LOL, I really don't think I'd go through all the trouble of making my own buttons (especially since buttons are only around 3 bucks for 20 pairs) just to have seagulls attack me all day.....just...WHY?

lemonie (author)keikothemeowmeow2009-06-13

Read the introduction. L

thepelton (author)2009-06-09

I have made buttons from thin plywood using an Epilog laser. You can decorate them.

lemonie (author)thepelton2009-06-09

Do you think the laser would cut cheese? (nicely) L

thepelton (author)lemonie2009-06-10

Personally, I think the laser would melt it, and make a mess.

lemonie (author)thepelton2009-06-10

I think there's still quite a bit of fat content, it'd make a nasty-smell at the least! L

shermans (author)2009-06-07

Lol that's pretty neat, I thought you where just kidding when you commented on it, but this is a great use for cheese. You could even go as far as to press pattrens into the cheese and stuff I bet. You ever use poly clay?

lemonie (author)shermans2009-06-07

Not sure what poly clay is, Fimo? L

shermans (author)lemonie2009-06-08

It's oven back clay

lemonie (author)shermans2009-06-10

Ah thanks. L

thepelton (author)lemonie2009-06-10

Fimo is a variety of poly clay. I think that Sculpey is the US variety, and Fimo is the type from Europe.

Fodaro (author)2009-06-08

Have you tried using macro mode for taking close-ups with the camera? There's often a button marked with a flower icon which will allow the camera to focus on objects close to the lens.

lemonie (author)Fodaro2009-06-08

It doesn't work (usually). But I spend a bit of time adjusting various things and managed a better one. L

lynnaluna (author)2009-06-08


NastyDogface (author)2009-06-07

I wonder what would happen if you compressed the cheese before drying. For example, the red leicester could be rolled into tight spheres and then flattened back out, to remove the air and cracks. Just a thought. Enjoyed the instructable.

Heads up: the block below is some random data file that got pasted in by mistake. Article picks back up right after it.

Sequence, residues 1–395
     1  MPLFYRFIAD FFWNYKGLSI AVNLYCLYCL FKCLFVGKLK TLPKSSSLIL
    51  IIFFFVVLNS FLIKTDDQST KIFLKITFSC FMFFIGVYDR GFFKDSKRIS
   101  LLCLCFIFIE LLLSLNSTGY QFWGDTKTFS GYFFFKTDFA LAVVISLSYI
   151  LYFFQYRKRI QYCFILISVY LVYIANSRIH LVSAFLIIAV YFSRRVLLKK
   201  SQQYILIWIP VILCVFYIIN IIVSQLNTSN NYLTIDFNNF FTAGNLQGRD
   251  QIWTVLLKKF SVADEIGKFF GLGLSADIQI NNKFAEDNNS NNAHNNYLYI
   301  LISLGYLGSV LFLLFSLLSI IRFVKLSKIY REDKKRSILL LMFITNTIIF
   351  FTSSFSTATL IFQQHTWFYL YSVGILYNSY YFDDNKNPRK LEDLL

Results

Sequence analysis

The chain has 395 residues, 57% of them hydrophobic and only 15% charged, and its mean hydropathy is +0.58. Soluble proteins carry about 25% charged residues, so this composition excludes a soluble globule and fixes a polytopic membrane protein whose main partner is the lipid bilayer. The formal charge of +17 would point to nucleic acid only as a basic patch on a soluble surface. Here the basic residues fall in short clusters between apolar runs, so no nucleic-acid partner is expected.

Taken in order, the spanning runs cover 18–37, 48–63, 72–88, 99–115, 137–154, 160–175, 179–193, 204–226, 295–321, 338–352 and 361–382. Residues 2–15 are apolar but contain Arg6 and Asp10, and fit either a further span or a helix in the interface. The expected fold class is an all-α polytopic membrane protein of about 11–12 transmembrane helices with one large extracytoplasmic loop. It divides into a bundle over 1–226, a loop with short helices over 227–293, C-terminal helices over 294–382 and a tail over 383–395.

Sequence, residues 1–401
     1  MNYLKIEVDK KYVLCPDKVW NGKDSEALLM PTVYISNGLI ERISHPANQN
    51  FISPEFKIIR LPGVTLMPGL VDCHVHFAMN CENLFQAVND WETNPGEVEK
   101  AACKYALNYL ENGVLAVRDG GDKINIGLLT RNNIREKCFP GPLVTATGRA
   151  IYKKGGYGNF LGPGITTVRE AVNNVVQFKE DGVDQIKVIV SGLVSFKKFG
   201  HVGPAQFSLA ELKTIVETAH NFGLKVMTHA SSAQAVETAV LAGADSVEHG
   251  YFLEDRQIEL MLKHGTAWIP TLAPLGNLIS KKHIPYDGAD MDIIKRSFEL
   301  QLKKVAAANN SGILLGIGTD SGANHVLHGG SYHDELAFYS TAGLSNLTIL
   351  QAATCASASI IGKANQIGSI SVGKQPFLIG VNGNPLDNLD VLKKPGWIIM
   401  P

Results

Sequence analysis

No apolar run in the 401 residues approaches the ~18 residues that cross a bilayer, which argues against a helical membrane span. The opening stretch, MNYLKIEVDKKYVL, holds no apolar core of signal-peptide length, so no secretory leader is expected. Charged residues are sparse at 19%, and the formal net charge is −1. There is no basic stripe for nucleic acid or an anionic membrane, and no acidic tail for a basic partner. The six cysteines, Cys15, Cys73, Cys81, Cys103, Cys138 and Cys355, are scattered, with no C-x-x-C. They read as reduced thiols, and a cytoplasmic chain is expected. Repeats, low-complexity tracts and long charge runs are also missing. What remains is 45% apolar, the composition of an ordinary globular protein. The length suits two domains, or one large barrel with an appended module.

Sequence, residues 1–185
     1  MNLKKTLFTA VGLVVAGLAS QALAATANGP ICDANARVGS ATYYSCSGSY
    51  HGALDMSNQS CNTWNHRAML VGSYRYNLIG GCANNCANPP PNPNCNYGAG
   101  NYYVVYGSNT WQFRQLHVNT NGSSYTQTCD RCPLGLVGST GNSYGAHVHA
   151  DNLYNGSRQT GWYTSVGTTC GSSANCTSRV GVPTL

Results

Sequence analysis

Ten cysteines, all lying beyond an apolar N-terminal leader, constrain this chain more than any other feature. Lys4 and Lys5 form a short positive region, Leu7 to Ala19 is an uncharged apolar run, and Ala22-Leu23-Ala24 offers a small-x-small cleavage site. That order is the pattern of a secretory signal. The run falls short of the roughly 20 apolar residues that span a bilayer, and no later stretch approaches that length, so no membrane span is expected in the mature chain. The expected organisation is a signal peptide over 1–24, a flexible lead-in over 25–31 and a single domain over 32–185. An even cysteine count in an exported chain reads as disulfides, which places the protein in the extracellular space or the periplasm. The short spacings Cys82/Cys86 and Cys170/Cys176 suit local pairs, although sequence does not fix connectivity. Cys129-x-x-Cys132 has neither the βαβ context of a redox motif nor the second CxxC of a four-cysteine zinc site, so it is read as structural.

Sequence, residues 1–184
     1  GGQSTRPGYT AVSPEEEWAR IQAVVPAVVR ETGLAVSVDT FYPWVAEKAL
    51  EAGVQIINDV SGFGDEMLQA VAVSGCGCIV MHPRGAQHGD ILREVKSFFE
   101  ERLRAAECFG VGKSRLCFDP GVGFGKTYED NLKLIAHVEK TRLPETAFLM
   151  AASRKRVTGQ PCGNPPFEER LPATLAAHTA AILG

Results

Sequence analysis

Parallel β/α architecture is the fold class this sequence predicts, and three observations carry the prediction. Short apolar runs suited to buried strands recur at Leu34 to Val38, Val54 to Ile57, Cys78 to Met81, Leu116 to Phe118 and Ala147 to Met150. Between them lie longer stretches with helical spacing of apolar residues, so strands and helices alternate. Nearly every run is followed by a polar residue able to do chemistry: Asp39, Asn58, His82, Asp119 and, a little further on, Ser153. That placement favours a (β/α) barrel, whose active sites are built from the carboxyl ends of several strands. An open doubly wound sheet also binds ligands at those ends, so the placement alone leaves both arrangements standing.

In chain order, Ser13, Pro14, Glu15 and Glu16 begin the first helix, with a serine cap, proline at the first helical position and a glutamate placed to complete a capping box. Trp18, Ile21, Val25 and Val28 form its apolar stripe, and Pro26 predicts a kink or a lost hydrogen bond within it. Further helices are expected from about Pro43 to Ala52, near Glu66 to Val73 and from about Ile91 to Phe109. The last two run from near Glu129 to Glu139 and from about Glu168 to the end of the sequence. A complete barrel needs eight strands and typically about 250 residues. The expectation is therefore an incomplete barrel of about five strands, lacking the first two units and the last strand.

lemonie (author)NastyDogface2009-06-07

What you're talking about is the kind of processing used to make smooth-textured cheese, and processed-cheese. This is partly why the smoke-flavoured product turned out well. L

strmrnnr (author)2009-06-07

Good expeiment lemonie. I have to say though being a sailor, that I don't think the guys from that era likely didn't use buttons of that type. The plastic buttons of today don't even stand up well to a lot of work and bending over the rails. I have two theories to run by you. First they would have made buttons more in the shape of toggles - like you see on flags, only smaller. Second they may have made buttons to round the corners so they could swallow it without cutting their throats with the chards of hard cheese. After you don't eat for a couple of days even a hard piece of toast can draw blood.

lemonie (author)strmrnnr2009-06-07

Thanks for the information, which I wouldn't dispute. I've taken the "buttons" anecdote literally in a modern sense to test the material. Also, the guys from that era would have carved them with knives I should think. L

Weissensteinburg (author)2009-06-07

It's great for emergency survival, too!

rtlampwork (author)2009-06-07

This reminded me of the post "Homemade Plastic" by Coffeebot - Thank you for posting!

tecneeq (author)2009-06-07

Well done lemonie. This experiment had to be done, for mankinds sake. Now, if someone would please give button on toast a try ... ;).

Bongmaster (author)2009-06-07

awesome experiment XD is there any residual fat after its all done? i know cheese can be pretty greasy after its dried out naturally.

About This Instructable




Bio: I'm an experimentalist, a scientist and I have a tendency to do things just for the sake of doing them, or to find out ... More »